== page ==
The Bible isn’t the only way God speaks to us. Throughout the day, when we’re not in prayer, He also speaks to us through sermons by preachers who have the power and words of the Holy Spirit filling them, or through impressions and convictions by the Spirit, or through other believers, or through music, or circumstances or other means.

But the kind of word that instills faith, that can be our rock in the storm—the kind of word through which God reveals the end from the beginning, that He uses to speak in advance His will and then bring it about—that kind of word comes through scripture, through the Holy Spirit breathing upon a passage of scripture and speaking it into our situation.

Romans 10:17 says, “So then faith comes by hearing, and hearing by the word of God” (NKJV).

In the original language, the word used for “word” is rhema. “Faith comes by hearing the rhema of God.”

Rhema means “that which is spoken …. saying, speech, discourse.”1

In other words, God takes the whole of His word, the logos, and breathes upon on a specific passage and speaks it into your situation.

Have you ever read a passage dozens of times and the next time you read it, you see and hear something you never did before? That’s because the Spirit breathed upon it. He spoke it into your life.

An Instance from My Life

As I mentioned in an email to Shades of Grace subscribers yesterday, I’ve been experiencing a health setback the past few years. Energy and strength have been in short supply. Consequently, I’ve not had energy for prayer or the spiritual passion I used to.

I mentioned this to Angela Morgan several years ago in a message. (Angela has written several guest posts here.) She responded with several scriptures about strength that she prayed over me.

That motivated me to compile a list of other scriptures on strength to pray and meditate on in the weeks and months (and what has turned out to be years) to come. I printed it and put it in my prayer notebook where I keep pages of scriptures that I pray regularly.

One of the verses Angela had mentioned was Psalm 71:16.

“I will go in the strength of the Lord God: I will make mention of thy righteousness, even of thine only” (v.16 KJV).

I read this verse along with the others in the list. On occasion, I went to that Psalm and read the whole Psalm.

But one day months later, I was reading Psalm 71 in a different translation, and the words leapt off the page.

9…forsake me not when my strength is spent and my powers fail.

16I will come in the strength and with the mighty acts of the Lord God; I will mention and praise Your righteousness, even Yours alone (Psalm 71:9, 16, AMPC).

The Psalmist is crying out as I was, “Don’t forsake me now, God, when my strength is spent!” He then declares by faith, “I will come in the strength and with the mighty acts of the Lord God.”

The Holy Spirit quickened that to me for my situation. He was telling me that I would come with His strength and mighty acts. I was to begin believing and declaring this as if I knew it was a done deal. Because it was — it was God’s rhema word.

The Death Sentence

After the promises of God are spoken, they undergo a death sentence. Things worsen. God sentences to death every human possibility of fulfillment. It looks completely hopeless in the natural.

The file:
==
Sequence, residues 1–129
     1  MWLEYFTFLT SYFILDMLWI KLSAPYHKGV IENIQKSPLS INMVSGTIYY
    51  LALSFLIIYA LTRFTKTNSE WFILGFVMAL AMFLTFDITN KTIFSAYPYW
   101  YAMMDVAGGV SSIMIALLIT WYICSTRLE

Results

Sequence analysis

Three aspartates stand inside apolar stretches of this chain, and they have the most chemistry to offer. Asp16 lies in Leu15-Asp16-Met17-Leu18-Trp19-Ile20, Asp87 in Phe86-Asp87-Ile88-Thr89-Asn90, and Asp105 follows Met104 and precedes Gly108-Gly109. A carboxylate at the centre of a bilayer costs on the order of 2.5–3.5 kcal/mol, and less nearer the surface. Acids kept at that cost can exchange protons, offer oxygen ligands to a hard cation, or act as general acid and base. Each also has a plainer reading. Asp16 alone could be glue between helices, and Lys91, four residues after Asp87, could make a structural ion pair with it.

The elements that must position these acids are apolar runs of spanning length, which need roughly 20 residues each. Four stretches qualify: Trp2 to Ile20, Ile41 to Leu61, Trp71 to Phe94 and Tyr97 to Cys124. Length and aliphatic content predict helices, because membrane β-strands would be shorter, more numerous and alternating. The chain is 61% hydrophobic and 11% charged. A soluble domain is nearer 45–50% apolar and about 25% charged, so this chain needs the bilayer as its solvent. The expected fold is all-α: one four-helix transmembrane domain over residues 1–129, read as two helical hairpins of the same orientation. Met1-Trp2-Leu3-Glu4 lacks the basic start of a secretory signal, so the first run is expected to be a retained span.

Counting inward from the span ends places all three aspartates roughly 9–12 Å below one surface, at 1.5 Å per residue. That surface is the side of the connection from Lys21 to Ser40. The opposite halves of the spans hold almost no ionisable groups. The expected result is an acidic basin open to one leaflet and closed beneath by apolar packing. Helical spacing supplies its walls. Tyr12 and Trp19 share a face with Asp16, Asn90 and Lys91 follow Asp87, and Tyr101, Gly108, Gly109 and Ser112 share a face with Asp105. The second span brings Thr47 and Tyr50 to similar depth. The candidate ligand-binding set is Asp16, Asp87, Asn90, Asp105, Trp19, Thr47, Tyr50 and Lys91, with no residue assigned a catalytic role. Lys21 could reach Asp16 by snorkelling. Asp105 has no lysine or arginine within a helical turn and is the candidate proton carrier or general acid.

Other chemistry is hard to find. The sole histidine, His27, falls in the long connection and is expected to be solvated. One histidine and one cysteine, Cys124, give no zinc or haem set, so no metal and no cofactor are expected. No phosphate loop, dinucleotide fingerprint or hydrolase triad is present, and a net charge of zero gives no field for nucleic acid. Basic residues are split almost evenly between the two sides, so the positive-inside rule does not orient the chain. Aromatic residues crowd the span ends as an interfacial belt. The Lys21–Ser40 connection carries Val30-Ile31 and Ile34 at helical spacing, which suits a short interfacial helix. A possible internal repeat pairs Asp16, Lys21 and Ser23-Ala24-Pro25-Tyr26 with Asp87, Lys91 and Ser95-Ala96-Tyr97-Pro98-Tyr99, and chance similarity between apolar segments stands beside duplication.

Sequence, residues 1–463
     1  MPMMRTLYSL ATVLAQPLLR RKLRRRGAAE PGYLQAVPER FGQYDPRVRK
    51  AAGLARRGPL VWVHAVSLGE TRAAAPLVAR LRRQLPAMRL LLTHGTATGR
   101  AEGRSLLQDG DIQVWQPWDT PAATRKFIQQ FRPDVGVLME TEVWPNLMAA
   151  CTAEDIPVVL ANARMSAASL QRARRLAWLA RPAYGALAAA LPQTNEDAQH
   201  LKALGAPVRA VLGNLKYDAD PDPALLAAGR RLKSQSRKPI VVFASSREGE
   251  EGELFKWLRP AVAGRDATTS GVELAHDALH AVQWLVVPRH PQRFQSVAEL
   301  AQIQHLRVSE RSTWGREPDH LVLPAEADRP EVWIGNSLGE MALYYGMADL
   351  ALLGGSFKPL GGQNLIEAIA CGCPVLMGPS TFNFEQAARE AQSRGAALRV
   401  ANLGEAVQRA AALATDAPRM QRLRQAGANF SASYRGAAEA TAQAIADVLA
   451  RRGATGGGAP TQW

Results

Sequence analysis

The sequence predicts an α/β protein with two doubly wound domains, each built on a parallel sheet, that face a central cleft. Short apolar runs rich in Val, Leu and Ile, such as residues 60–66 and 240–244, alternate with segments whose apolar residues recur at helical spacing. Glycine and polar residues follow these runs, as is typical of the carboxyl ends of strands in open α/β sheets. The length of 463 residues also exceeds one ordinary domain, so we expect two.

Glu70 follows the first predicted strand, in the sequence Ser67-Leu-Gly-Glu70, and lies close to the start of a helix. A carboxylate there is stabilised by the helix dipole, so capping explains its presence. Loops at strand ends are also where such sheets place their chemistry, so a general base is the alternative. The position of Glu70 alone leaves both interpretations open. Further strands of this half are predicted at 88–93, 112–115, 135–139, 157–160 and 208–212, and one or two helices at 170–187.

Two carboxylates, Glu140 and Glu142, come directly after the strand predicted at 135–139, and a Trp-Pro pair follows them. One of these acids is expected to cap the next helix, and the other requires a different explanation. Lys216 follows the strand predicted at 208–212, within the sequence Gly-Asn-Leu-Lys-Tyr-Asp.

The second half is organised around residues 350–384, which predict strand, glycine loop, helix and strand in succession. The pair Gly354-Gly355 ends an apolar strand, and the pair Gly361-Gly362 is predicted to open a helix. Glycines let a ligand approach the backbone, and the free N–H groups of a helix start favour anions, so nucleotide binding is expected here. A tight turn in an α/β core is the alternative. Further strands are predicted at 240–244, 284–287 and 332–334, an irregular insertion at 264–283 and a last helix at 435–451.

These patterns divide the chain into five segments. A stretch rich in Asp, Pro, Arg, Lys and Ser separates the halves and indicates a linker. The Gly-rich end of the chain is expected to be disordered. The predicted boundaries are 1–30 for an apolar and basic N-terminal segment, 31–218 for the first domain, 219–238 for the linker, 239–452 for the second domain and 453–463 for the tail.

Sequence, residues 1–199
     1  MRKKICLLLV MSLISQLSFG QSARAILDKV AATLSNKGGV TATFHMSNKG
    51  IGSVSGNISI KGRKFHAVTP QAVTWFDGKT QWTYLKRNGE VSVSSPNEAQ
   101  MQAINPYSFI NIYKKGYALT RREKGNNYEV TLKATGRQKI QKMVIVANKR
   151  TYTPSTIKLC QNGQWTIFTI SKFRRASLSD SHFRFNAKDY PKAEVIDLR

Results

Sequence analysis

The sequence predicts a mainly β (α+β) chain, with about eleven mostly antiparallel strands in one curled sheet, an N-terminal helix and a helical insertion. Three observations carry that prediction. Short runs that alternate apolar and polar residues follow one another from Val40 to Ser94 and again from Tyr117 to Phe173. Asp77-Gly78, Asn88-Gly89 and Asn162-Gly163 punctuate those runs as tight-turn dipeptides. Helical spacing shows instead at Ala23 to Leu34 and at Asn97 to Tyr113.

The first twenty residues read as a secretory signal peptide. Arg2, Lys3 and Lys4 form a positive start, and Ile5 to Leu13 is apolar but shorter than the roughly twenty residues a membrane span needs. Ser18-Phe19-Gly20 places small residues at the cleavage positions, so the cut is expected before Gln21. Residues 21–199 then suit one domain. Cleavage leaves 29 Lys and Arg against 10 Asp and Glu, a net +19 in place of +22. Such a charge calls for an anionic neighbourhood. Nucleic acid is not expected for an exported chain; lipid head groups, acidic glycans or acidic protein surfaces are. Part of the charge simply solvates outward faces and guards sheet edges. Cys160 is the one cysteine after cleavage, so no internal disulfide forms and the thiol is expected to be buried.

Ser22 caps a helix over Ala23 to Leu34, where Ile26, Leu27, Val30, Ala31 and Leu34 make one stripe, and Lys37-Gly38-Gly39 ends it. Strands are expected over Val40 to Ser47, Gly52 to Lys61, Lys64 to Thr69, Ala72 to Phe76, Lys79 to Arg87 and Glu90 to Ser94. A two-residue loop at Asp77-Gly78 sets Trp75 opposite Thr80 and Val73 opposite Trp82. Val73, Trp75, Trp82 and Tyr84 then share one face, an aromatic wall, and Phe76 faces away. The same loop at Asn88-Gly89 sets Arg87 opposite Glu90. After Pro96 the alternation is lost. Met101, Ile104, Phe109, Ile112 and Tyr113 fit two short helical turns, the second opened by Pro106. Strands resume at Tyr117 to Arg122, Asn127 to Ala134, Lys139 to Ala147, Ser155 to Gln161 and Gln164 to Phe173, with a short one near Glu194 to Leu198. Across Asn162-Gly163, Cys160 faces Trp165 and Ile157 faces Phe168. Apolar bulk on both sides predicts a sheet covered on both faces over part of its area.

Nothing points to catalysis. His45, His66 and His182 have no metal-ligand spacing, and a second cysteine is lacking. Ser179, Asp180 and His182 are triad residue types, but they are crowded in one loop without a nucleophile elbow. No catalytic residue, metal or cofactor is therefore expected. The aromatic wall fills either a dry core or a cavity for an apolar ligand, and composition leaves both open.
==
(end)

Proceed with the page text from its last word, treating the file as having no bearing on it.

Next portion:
This is what happened in this instance. As things worsened for me, I kept clinging to that word from God, meditating on that passage more often, and taking my thoughts captive to it throughout the day.

Then one day, months later, the Holy Spirit quickened another part of that passage. I had read it many times before when I read that chapter. But on this day, He breathed freshly on verse 20. I saw it as I never had:

“Though you have made me see troubles, many and bitter, you will restore my life again; from the depths of the earth you will again bring me up” (Psalm 71:20, NIV).

Echoing another word He had spoken in Ezekiel 37, God made it clear. He would bring me up from the depths of the earth, from the grave. Dead things would rise and live again!

Something I Never Saw Before in That Passage

About a year after I thought God had milked all there was for me from this passage, I was praying and reading through it — when lo and behold He showed me something else I hadn’t noticed.

The challenges and disappointments I’m currently facing have been compacted by aging. Arthritis and bodily deterioration have made it seem like it’s too late for certain things I once thought were God’s desire for my life.

I know that with God all things are possible. But I’m talking about what my natural man’s perspective was. I was crying out to God from my perspective, my feelings, as the Psalmists so often do.

I suppose it wasn’t all just my feelings. It was a fact of this life. I mean people do age. Otherwise, we’d all be walking this earth with John Wesley and Andrew Murray. Age happens. And due to my past health challenges, age seems to be encroaching earlier and faster than it otherwise might. So I was crying out to God in this … for weeks and months. It seemed that the time for certain desires had passed — that it was too late. Caregiving seemed to have robbed those years and possibilities. I grieved the loss.

Then one day, I was again in Psalm 71:9, and the Spirit caused me to see the first part of verse 9: